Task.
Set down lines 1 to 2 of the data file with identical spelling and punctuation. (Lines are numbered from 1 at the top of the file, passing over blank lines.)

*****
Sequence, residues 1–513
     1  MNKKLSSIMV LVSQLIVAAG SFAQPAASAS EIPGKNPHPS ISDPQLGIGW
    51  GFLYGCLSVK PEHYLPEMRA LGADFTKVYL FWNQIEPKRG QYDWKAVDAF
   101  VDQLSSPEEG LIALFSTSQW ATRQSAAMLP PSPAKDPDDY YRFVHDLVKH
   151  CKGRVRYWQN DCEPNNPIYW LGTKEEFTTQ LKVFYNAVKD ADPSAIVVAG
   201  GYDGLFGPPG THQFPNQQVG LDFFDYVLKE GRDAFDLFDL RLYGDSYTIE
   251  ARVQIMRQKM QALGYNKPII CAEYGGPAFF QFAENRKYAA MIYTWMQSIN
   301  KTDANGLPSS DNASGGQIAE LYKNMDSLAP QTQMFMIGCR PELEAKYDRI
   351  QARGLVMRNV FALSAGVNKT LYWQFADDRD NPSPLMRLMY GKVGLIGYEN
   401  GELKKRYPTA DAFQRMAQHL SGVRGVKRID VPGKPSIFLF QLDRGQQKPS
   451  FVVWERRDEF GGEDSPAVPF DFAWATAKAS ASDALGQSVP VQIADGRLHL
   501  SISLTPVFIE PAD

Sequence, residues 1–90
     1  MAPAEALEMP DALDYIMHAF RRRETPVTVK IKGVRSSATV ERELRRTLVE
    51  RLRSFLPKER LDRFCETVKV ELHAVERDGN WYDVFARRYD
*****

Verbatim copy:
Sequence, residues 1–513
     1  MNKKLSSIMV LVSQLIVAAG SFAQPAASAS EIPGKNPHPS ISDPQLGIGW